Who’s Home for the Holidays? Helping Children Cope After Divorce

The holidays we celebrate this time of year are very family centric.  Unlike the 4th of July or Halloween, Thanksgiving, Hanukah, and Christmas are as much about families and their traditions as they are about anything else.  For children and teenagers with divorced parents, this means that the holiday season can cause more than just a longing for the latest gadget or toy.

As every TV commercial shows some version of a happy family sharing time together, this time of year can highlight the feelings of loneliness and abandonment your child is already experiencing.  While the first holiday season after a divorce is usually the hardest, the pain and sadness of being apart at this time of family togetherness is common long after the dust of that first year settles.

Here are some tips and strategies for helping your family navigate the holiday season with less stress and more joy.

1.    Plan Ahead

Make a plan with your ex-spouse that provides the best holiday experience for your children.  As part of the planning, ask your children how they would like to spend their holidays.  For some, it may be very important to spend time with both parents on special days like Christmas Day.  For others, spending time with both parents is important, but which days or times matters less.   Make sure that the children will have an open line of communication with both parents throughout the season regardless of where they are on any given day.  Talk to your ex-spouse about gift giving and agree to joint gift giving, spending limits, or whatever arrangements works best for your circumstances.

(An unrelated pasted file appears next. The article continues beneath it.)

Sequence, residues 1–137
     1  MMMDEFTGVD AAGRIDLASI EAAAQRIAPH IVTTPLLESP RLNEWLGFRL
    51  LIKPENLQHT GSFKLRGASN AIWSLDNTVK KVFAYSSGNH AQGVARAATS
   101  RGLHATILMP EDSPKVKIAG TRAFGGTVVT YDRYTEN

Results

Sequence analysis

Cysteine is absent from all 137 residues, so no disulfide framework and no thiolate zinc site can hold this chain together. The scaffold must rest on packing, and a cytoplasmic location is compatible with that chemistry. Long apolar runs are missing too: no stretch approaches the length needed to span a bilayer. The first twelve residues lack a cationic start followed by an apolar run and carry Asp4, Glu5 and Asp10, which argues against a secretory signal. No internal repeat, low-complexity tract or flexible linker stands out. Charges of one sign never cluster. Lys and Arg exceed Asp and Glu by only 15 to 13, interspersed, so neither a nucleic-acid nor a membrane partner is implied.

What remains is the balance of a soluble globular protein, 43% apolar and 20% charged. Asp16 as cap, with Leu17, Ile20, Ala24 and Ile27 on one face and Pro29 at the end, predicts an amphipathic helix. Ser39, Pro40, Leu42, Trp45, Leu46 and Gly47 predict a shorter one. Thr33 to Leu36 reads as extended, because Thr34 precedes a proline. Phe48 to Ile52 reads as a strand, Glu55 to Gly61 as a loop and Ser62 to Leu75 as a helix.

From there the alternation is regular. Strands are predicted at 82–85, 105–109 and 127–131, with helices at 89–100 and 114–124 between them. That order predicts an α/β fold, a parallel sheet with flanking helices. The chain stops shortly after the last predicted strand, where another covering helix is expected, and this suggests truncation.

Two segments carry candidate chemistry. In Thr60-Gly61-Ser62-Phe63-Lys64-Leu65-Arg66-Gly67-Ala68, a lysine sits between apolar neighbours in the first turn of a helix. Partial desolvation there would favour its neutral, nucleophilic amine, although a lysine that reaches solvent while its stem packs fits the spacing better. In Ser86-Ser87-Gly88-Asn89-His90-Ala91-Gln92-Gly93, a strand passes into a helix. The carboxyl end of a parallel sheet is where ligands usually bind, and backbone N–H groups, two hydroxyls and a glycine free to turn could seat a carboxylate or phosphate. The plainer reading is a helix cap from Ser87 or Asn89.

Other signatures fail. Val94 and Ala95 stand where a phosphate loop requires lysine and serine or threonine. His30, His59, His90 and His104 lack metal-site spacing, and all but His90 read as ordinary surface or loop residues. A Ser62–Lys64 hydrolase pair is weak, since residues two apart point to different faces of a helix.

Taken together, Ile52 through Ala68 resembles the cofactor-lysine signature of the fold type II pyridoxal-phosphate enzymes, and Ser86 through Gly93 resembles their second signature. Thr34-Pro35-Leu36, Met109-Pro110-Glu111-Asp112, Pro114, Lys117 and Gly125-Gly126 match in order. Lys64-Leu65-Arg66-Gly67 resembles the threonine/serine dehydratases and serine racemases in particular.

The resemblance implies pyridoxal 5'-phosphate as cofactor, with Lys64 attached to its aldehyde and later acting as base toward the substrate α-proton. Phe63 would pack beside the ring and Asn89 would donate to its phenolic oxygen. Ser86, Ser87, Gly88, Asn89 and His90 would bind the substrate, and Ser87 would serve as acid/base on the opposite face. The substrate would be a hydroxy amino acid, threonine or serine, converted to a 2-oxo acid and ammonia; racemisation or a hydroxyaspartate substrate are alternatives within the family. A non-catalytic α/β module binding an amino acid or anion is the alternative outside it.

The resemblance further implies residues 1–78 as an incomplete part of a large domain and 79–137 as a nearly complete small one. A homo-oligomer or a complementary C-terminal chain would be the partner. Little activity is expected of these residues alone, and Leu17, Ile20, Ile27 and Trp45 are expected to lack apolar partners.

2.   Talk to Your Children

Talk through the plans for each holiday with your children so that they know what to expect and can voice any concerns or frustrations.  Let them know that you want to hear their opinions and welcome their input as you all work together to have the happiest holiday season possible.  Discuss where you will be spending each of the major holidays, how transitions will take place, and what choices the children can make themselves.

3.   Discuss Traditions

For many families, the holidays are full of family traditions and losing these treasured activities can be hard on children.  However, it is not always a good idea to try and replicate cherished memories when one of the key participants is no longer part of the household.   For some families, these traditions can be comforting to the children as a reminder that some things haven’t changed.  For others, it is too painful to participate because it reminds them of how much better things were before the divorce.  Take time out before the holidays to talk through your family traditions with the kids and decide which to keep, which to retire, and what new ones you want to start this year.  The most important thing is to get them involved in the decision.

4.   Focus on the Spirit of the Season

Although it may be hard to see sometimes, traditionally, the holidays are about gratitude, sharing, and giving to others.  Take time each day as your family prepares for the holidays to talk about all the good things in your lives and seek out opportunities to help others.  Volunteering and giving back to those who have less than us is not only a wonderful way to celebrate this season, it can also help bring joy into our own lives.



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